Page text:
4,500 MILES ON DRIVETRAIN, NICELY BUILT 340CI MOTOR W/ 450HP, FRONT DISC BRAKES
Now that 'Cuda and Challenger prices are through the roof, where are true-blue Mopar fans to go for their performance fix? How about this slick 1969 Dodge Dart? With all the styling cues that make its bigger brothers so striking, plus potent performance with a thundering 340 inch small block, this is a car to be respected on the street.
The B5 Blue finish is a perfect Mopar hue that's back in fashion today, and the ultra-straight flanks on the Dart wear it incredibly well. The two-stage urethane has an almost impossible shine, and it looks sleek and slippery with a great glow in the sunlight. These guys spent a lot of money getting this car into shape, and you'll note that the door gaps are excellent and the twin ornaments on the hood plus the bumblebee stripe give it a definite Mopar performance look. Even the grille is quite nice, the chrome has been shined up, and a white vinyl top accentuates the Dart's forward-canted shape. A lot of these were mere grocery-getters, but when you dress it up properly the way this one has been, it definitely has presence. Even the stance suggests speed and performance, and the whole car looks a lot more expensive than it is.
The interior is where the Dart's economy-car roots are most evident, but that only meant that you could afford the hardware that mattered when you walked into the showroom in 1969. Nobody did big performance on a budget like Chrysler Corporation. The original bench seats have been reupholstered in two tone blue vinyl, which looks awesome with the bright blue paint. There are also correct door panels, relatively recent carpets, and a wide instrument panel with a full array of gauges. The steering wheel is factory original and includes a "Beep-beep" Road Runner horn button and a tachometer has been strapped to the side of the steering column where it won't block your view. The original Music Master AM radio with Mopar's favorite thumbwheel controls still lives in the middle of the dash and the back seat looks almost new. The Dart also offers a surprisingly roomy trunk, with the one in this car featuring a new mat that fits well and gives it a clean, well-tended look.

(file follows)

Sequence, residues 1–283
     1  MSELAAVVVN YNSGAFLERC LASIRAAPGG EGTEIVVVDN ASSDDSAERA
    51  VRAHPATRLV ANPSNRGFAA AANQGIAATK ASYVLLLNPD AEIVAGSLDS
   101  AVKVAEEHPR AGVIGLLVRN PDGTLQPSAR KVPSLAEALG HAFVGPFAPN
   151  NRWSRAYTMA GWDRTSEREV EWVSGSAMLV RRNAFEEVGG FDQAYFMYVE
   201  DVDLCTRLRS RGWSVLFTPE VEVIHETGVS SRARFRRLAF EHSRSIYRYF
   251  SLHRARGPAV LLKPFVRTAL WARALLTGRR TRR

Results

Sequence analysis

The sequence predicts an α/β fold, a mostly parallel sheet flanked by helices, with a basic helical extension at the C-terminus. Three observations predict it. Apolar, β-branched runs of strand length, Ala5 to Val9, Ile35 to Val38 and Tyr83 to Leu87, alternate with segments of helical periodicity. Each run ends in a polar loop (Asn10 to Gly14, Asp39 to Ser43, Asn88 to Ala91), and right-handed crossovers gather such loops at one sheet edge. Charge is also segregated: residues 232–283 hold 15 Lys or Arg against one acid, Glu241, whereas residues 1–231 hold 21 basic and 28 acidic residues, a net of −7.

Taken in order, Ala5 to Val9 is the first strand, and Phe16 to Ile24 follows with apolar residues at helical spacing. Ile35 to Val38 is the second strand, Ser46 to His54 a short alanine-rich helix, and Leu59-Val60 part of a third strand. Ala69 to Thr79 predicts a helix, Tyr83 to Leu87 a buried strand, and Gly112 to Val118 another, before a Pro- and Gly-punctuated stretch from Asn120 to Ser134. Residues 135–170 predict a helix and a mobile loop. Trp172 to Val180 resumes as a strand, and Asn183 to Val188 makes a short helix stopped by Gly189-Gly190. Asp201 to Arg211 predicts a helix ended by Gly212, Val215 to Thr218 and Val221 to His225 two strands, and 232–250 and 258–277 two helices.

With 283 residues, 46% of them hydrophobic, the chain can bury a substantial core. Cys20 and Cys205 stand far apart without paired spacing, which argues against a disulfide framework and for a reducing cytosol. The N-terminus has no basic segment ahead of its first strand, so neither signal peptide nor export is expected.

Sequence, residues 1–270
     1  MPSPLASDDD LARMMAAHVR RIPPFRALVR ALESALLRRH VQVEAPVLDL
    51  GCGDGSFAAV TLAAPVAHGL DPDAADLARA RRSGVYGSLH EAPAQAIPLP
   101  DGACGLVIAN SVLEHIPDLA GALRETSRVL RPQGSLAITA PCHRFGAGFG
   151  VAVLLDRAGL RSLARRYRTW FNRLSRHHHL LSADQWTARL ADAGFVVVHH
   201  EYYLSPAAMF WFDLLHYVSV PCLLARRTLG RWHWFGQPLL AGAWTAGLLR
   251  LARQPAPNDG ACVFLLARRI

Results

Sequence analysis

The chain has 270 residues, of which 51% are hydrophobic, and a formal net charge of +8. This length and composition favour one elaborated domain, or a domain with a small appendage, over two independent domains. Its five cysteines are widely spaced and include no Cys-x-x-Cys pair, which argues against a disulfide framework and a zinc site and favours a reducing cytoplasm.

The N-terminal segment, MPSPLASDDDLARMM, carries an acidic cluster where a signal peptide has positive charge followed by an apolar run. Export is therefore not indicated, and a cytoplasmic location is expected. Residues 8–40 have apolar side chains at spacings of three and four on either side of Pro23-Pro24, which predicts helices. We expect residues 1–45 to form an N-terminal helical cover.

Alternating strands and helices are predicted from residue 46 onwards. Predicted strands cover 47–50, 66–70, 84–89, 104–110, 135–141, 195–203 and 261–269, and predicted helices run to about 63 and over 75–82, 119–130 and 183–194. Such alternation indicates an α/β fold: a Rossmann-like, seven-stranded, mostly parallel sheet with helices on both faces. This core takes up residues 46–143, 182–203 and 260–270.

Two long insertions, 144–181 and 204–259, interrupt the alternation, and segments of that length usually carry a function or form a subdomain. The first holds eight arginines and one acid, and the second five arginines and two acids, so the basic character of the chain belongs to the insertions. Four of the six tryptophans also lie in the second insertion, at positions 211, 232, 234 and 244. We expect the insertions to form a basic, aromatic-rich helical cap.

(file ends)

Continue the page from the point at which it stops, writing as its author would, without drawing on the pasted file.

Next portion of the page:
The Dart's real claim to fame, however, is under the hood. No need for a big block when you have a lightweight shell, but the date-code correct 340 has been bored .060 oversize and fitted with a Mopar Performance "purple" camshaft. With a big Holley 760 4-barrel carburetor, it thumps out more than 450 horsepower. It means the light weight handling remains but there's a bunch of low-end torque and a vicious snarl from the dual exhaust, and enough power to push this car into the mid-12s in the quarter-mile. The engine is dressed in proper Hemi Orange and wears a cool Mopar Performance dress-up kit, too, so it certainly looks the part. It's backed by a TorqueFlite automatic built for combat and a 3.55 Sure-Grip gearset out back, as well as a set of long-tube headers and a fresh Flowmaster exhaust system. Traditional aluminum Centerlines wear 225/60/14 front and 245/60/14 rear BFGoodrich T/A radials.
A very cool compact with big money spent in all the right places, backed by more than $40,000 in built costs. Forget the big names, the Dart will show them how it's done. Call today!
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- Vinyl Interior
- Front Disc Brakes
- Power Brakes
- Power Steering
- Seatbelts (Front)
- Seatbelts (Rear)
- Engine Type
- Body Color
- Bright Blue Metallic
- Body Style
- Seating Type
- Seat Material
- Shifter Type
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